3) Intriguing historical detail.
4) An interesting look at what is was like to be Jewish at that place and time.

And the bad stuff --
1) Excessive use of coincidence to move the plot forward. The most offensive: when our hero just happens to encounter a relative of John Wilkes Booth as the driver of his cab.
2) A weak initial premise. There is a great deal of authorial intrusion to explain what the protagonist is thinking (or not thinking) in order to justify his decision to accept the assignment and murder his uncle.
3)The protaganist himself is unsympathetic. When not murdering or otherwise injuring others, he seems to spend most of his time wringing his hands over his
own weakness.
4) The theme, or moral lesson, appears to be "it's okay to say no." The author belabors this simplistic point to the detriment of plot, characters, and much else.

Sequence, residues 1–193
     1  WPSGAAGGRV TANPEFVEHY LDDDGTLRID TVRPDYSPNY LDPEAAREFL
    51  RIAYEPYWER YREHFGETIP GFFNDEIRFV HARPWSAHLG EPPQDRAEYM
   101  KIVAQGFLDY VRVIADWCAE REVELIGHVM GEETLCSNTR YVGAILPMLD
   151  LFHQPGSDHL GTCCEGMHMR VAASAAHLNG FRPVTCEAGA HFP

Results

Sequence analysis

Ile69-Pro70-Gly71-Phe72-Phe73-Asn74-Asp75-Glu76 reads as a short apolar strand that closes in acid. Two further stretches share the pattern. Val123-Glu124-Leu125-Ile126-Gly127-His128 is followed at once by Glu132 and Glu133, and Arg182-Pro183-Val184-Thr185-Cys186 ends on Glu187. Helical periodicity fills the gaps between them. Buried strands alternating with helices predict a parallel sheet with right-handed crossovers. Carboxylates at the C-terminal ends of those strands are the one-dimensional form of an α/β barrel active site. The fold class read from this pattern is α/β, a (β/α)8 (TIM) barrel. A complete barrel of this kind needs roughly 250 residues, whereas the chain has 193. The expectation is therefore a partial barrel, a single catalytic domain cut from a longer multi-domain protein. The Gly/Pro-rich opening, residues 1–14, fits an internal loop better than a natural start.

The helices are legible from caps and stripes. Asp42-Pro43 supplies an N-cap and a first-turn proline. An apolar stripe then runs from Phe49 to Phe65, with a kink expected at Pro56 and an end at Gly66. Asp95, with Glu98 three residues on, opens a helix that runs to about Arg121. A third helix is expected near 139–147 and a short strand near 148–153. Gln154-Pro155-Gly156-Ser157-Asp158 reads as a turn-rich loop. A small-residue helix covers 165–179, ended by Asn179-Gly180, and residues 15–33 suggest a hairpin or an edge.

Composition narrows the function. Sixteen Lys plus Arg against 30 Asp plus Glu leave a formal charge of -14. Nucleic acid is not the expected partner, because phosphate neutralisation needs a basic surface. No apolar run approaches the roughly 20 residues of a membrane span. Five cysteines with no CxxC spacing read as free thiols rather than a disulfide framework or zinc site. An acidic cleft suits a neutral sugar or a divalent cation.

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LibraryThing member mdexter
Dara Horn sets her outstanding new novel, All Other Nights, during the Civil War. The story opens when Jacob Rappoport, escaping complications in his own family by joining the Union army, is ordered to murder his own uncle who is suspected of a plot to assassinate Lincoln. Despite his misgivings,
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Jacob carries out the order during the Passover seder at his uncle’s house in New Orleans in 1861. In so doing, he sets in motion his tragic quest for atonement. More than the traditional seder question, “Why is tonight different from all other nights?” the novel asks the question: Does the person you are one night shape who you are for all other nights?

Jacob’s next assignment is more complicated. He is to marry a young woman suspected of being a Confederate spy and who is the daughter of a business associate of Jacob’s father. Not surprisingly, Jacob and Eugenia fall in love. But the outcome isn’t at all as expected and through the course of the rest of the novel Jacob faces what he believes to be the retribution he deserves.